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First Niagara defends move to Buffalo

Spokeswomen for Empire State Development Corp. and First Niagara Bank said Wednesday the agency and the bank were not trying to harm Niagara County in a deal that will see the bank move its corporate headquarters from Pendleton to Buffalo.

They said that Niagara County is not losing any jobs in the deal, as the fast-growing bank is creating some 300 new positions in Buffalo.

Only about 50 of the 315 workers at the Pendleton headquarters will be transferred to Buffalo, bank spokeswoman Helen Tederous said. And those jobs will be replaced by new ones as the Pendleton building remains at full capacity as a "back office" site, she said.

The state agency gave First Niagara a $1.3 million grant to facilitate the move of its headquarters to the Larkin Building from its current site at South Transit and Tonawanda Creek roads.

The Niagara County Legislature unanimously passed a resolution Tuesday blasting the move and calling on the State Legislature to pass a law barring Empire State Development from funding moves of businesses from one county to another.

Katie Krawczyk, upstate public affairs director for Empire State Development, said the corporation's top priority is creating and maintaining jobs in New York.

"We are pleased with our work on this deal as we were not only able to bring 300 new, high-paying jobs to both Niagara and Erie counties, but we also helped to secure the company's existing work force of over 1,000 employees across upstate New York," she said.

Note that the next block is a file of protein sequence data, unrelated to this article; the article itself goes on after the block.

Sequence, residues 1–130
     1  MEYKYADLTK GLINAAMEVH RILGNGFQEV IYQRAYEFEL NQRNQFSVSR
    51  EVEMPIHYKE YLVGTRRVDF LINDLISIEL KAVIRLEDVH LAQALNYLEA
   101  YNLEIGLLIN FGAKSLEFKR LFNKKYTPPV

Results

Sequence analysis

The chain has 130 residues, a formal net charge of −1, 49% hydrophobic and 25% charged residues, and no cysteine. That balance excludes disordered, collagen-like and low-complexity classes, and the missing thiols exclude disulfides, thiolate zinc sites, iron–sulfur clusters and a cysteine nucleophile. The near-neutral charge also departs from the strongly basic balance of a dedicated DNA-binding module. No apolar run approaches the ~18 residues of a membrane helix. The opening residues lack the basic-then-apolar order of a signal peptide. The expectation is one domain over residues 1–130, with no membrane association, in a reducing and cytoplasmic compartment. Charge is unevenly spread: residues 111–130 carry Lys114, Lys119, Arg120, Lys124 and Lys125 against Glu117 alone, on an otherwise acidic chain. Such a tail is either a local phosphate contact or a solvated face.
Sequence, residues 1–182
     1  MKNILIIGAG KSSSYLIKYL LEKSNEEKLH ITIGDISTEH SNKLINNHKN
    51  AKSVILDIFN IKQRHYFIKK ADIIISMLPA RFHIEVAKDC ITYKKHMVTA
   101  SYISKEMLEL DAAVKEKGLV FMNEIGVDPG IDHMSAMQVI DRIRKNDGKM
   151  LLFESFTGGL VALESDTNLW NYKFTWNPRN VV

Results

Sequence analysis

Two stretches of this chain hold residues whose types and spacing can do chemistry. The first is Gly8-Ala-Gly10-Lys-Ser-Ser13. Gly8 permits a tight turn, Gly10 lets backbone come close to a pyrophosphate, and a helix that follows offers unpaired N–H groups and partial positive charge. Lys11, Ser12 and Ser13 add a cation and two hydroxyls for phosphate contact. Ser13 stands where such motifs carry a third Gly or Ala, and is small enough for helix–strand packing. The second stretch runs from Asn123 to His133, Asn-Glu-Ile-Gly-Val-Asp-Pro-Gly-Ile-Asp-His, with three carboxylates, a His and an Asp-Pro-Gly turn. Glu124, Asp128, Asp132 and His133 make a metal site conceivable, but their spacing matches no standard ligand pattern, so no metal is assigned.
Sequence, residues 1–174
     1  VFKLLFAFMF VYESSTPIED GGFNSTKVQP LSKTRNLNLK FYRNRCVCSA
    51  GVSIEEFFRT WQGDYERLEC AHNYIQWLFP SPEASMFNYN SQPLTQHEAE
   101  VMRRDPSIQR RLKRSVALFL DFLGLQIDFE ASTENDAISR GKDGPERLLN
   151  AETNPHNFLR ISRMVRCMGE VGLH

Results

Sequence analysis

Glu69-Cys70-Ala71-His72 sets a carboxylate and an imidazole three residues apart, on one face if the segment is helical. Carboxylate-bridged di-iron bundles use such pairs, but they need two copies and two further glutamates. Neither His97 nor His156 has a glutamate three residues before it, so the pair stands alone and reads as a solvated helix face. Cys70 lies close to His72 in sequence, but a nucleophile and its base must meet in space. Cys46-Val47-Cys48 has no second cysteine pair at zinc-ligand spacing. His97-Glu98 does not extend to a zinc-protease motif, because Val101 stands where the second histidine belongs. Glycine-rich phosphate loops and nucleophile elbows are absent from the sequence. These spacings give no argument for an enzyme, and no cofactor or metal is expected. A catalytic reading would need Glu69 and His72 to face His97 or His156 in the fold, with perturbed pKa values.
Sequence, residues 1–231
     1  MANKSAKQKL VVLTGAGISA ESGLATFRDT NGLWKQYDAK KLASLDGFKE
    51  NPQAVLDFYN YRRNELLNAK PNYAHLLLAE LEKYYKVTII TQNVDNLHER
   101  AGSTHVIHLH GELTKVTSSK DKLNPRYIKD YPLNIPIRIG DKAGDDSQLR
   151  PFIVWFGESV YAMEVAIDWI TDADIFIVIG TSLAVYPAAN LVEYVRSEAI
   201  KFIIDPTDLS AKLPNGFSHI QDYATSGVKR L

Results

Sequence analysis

"First Niagara will be maintaining the current number of positions they have at their Niagara County office while expanding this facility to serve as their main administrative office. It was important to ESD to ensure that both Erie and Niagara Counties benefited from First Niagara's expansion," Krawczyk added.

The sponsor, Legislator Renae Kimble, D-Niagara Falls, said she would have liked to see those 300 new jobs in Niagara County.

She also railed against the lack of notice the bank gave Niagara County officials. "It's another case of Niagara County being marginalized and ignored," she said.

Legislature Chairman William L. Ross said he didn't find out about the deal until 7:30 p.m. Sept. 10, the night before it was announced.

Niagara County, whose Economic Development Department has a business retention operation, was never given a chance to try to keep the headquarters, Kimble complained.

"I think we gave them appropriate notice," Tederous said. "We really tried to be transparent and open. We really care about our community in Niagara County and Erie County."

She said First Niagara employs 526 people in Niagara County, counting the workers at its branches in the county, and that number will grow. However, Tederous was unable to provide a projected number of new jobs in Niagara.

Legislature Vice Chairman Clyde L. Burmaster, R-Ransomville, called for Empire State Development to send someone to a future Legislature meeting to be questioned about the Larkin Building deal. Ross said he will make that request.

"We will be happy to review such an invitation if and when we do receive it," Krawczyk said.


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